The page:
I found some interesting contradictions about my behavior under pressure. I remember the times from my childhood when I played the accordion, and I had to play on every possible occasion and celebration in our village. Since there were not many children around who were playing on instruments, playing in an orchestra or a band were not possible. There was only me, playing in solo, sitting on a chair on the stage by myself, with my accordion in my hands. I often had to play in front of hundreds of people in the theater room of the town. I can still recall that anxious feeling that made my stomach turn, the heart palpitations, and the unbearable nervousness that accompanied me before the performances. I didn’t like it. I hated being on the stage all alone, and I was always terrified of it, sometimes more, sometimes less. I never admitted to myself for years how I felt about it, I just did it because I felt I had to. I considered it a challenge that I simply had to face over and over again.
I also remember how much I loved playing soccer from the day I had discovered it in a summer at the age of eleven. I was playing all the time. I was crazy about it. I fell in love with the ball. On the other hand, I remember how much I hated playing in the youth teams. Every single match was a torture to me. I was nervous and fearful before and during the matches, all the time. I always felt a strange tingling in my stomach that made my strength and courage go away. It made me unable to concentrate and fight. It made me unable to enjoy the game and play freely. Instead, I felt the constant pressure from my coach and the few spectators watching us, that paralyzed me. Long years had to go by until I could finally enjoy playing freely, during my university years, mostly because there was no external pressure in those matches. I have memories of important games with a significant stake, where I could gather and focus all my strength and concentration, and performed very well several times. But later on, during my studies abroad, where I played futsal at a very high level, all the bad experiences from my childhood came back and repeated themselves because of the excess expectations of my psychopath coach. I used to have nightmares for years about having to play football at an unrealistically high level where I felt horrible because of the fear of failure and getting exposed. I remember the feeling that my body didn’t obey my intentions and I couldn’t execute moves I wanted to make.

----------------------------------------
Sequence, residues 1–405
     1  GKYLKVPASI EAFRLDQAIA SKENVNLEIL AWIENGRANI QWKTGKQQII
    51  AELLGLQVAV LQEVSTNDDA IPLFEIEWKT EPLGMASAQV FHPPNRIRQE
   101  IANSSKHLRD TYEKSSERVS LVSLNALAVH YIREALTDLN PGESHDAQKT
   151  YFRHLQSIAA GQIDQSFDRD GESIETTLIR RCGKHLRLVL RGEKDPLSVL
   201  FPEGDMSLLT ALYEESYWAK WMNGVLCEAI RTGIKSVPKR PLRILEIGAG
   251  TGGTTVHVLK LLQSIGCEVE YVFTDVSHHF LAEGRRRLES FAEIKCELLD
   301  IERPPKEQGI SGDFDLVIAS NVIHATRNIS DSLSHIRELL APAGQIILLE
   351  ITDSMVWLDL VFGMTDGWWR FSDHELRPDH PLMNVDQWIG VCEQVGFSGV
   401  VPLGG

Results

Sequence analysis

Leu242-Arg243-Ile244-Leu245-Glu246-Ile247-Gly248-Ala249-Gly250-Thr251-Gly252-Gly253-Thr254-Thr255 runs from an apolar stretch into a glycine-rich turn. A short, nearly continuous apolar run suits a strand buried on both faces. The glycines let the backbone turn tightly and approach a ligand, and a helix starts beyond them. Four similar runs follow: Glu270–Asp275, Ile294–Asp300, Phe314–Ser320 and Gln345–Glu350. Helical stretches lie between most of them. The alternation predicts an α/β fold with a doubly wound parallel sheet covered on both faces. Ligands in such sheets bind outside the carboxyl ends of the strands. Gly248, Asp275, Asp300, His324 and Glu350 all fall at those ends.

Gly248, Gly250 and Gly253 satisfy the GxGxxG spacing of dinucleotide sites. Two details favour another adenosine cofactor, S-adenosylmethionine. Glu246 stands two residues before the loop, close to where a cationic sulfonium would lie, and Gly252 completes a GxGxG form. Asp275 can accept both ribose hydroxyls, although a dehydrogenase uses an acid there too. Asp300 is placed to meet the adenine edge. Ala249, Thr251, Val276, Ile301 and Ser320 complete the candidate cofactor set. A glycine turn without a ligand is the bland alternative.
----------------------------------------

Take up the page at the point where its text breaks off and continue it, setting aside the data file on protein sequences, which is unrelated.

But in intellectual areas, I have never felt such anxieties before that made me crush under pressure. I actually loved it, I loved expectations because those made me even more motivated. It made me perform on an even higher level. I loved to outperform the expectations, and most of the time I succeeded at it. I enjoyed the live situations, the tension they provided, and the motivation and energy they gave me to perform even better than when I was practicing at home. And I always performed much better than any time before. Exams, school competitions, presentations, customer meetings, I loved them all. It made me feel alive and important. I was always confident, sharp, focused, and successful.
Until about a year ago, when everything started to change, on that work conference where I had sort of a panic attack before a presentation, and I had to escape the scene. Since then, performances and presentations like that make me anxious and terrified. I hate visiting customers, I can’t handle pressure and expectations, even everyday social interactions can make me nervous. Just like the soccer matches in my childhood. Every expectation and responsibility stress me out, a deadline, a simple task to do, talking to a stranger where I have to suit certain norms, a date, a meeting with a customer, let alone presentations in front of dozens of people.
So then, how is my relationship with pressure and expectations? I don’t really know…